Yi Ethnic Minority
The Yi ethnic group, with a population of 7,762,286, is mainly distributed over the provinces of Sichuan, Yunnan and Guizhou, and the Guangxi Zhuang Autonomous Region. There are more than one million Yis in Sichuan Province, and most of them live in an area south of the Dadu River and along the Anning River. Traditionally, this area is subdivided into the Greater Liangshan Mountain area, which lies east of the Anning River and south of the Huangmao Dyke, and the Lesser Liangshan Mountain area, which covers the Jinsha River valley and the south bank of the Dadu River. There are over a million Yis in the Liangshan Yi Autonomous Prefecture, which holds the single largest Yi community in China. Yunnan Province has more than three million Yis, most of whom are concentrated in an area hemmed in by the Jinsha and Yuanjiang rivers, and the Ailao and Wuliang mountains. Huaping, Ninglang and Yongsheng in western Yunnan form what is known as the Yunnan Lesser Liangshan Mountain area. In Guizhou, more than half a million Yis live in compact communities in Anshun and Bijie. Several thousand Yis live in Longlin and Mubian counties in the Guangxi Zhuang Autonomous Region.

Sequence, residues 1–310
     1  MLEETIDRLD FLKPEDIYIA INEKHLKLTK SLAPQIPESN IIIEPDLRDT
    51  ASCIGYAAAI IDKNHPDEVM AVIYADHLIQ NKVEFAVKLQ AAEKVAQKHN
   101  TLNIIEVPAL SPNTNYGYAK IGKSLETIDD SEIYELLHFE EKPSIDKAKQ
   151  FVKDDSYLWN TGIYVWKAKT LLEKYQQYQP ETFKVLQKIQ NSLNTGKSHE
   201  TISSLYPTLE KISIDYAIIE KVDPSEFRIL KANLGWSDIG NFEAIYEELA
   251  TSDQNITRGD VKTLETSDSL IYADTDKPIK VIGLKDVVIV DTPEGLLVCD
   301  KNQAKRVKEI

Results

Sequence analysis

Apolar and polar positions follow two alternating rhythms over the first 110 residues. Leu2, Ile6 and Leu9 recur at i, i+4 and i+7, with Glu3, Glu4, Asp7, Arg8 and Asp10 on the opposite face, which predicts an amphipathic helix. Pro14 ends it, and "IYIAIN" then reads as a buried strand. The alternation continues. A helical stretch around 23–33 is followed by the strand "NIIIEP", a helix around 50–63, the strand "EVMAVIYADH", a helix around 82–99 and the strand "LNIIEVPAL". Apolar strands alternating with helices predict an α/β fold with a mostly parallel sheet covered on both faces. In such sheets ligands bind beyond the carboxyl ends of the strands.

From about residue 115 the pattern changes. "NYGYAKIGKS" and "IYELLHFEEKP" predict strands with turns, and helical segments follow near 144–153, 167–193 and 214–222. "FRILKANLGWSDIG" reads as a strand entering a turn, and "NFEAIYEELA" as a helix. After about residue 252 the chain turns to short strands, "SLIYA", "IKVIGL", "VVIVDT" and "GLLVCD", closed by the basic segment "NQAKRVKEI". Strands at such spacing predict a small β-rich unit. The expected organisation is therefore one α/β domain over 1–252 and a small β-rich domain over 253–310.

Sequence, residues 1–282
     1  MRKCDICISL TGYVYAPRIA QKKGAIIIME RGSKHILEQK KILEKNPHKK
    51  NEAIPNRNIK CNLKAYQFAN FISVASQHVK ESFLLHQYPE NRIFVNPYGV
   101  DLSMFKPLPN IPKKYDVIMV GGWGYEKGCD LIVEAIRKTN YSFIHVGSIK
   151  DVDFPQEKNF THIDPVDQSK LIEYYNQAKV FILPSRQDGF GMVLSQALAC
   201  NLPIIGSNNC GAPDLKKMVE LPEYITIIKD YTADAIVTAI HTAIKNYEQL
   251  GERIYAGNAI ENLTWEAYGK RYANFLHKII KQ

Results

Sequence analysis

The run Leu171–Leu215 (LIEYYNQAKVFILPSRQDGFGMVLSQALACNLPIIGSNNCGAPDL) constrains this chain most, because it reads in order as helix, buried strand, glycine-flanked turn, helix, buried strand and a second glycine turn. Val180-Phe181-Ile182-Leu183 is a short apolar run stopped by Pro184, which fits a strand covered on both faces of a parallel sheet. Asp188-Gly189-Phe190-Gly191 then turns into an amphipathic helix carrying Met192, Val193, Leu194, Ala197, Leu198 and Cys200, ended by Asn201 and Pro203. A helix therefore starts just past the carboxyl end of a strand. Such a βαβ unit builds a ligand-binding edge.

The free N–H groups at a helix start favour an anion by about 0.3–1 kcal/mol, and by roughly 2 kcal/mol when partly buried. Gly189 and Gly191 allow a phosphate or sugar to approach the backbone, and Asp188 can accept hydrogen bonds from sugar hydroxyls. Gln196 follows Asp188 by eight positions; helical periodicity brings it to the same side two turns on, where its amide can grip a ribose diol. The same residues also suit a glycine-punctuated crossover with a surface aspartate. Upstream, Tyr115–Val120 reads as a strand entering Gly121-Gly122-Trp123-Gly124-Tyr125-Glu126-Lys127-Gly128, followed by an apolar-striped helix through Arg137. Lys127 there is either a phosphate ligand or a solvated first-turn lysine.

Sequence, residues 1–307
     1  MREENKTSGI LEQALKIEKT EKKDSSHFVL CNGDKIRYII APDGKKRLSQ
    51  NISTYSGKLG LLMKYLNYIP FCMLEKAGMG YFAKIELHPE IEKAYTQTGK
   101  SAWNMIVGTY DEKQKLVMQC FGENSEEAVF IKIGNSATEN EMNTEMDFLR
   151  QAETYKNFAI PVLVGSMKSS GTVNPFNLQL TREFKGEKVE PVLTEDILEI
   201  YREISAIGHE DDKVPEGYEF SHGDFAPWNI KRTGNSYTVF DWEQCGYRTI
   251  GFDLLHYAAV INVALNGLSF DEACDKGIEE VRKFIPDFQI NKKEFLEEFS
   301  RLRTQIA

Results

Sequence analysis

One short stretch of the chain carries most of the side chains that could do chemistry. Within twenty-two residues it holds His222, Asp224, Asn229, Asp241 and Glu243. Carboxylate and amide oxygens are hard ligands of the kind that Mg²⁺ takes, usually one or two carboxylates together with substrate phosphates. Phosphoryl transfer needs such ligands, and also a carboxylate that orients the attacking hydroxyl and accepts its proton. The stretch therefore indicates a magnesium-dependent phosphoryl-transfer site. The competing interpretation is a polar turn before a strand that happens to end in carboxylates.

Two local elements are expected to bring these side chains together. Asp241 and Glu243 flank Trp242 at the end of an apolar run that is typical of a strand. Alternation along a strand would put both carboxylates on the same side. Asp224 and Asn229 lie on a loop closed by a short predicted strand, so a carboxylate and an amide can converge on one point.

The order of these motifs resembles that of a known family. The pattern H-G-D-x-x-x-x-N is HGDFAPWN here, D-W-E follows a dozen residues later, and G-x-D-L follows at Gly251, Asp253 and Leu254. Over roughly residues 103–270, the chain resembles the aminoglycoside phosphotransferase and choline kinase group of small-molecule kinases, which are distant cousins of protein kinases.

Most Yis are scattered in mountain areas, some in frigid mountain areas at high altitudes, and a small number live on flat land or in valleys. The altitudinal differences of the Yi areas directly affect their climate and precipitation. Their striking differences have given rise to the old saying that “the weather is different a few miles away” in the Yi area. This is the primary reason why the Yis in various areas are so different from one another in the ways they make a living.
The Yi areas are rich in natural resources. The Jinsha River running through Sichuan and Yunnan and its tributaries surging through the Yi areas in northern and northeastern Yunnan are enormous sources of water power. The Yi areas are not only rich in coal and iron, but are also among China’s major producers of non-ferrous metals. Gejiu, China’s famous tin center, reared the first generation of Yi industrial workers. Various Yi areas in the Greater and Lesser Liangshan Mountains, western Guizhou, and eastern and southern Yunnan abound in dozens of mineral resources, including gold, silver, aluminum, manganese, antimony and zinc. Vast forests stretch across the Yi areas, where Yunnan pine, masson pine, dragon spruce, Chinese pine and other timber trees, lacquer, tea, camphor, kapok and other trees of economic value grow in great numbers. The forests teem with wild animals and plants as well as pilose antler, musk, bear gallbladders and medicinal herbs such as poris cocos and pseudoginseng.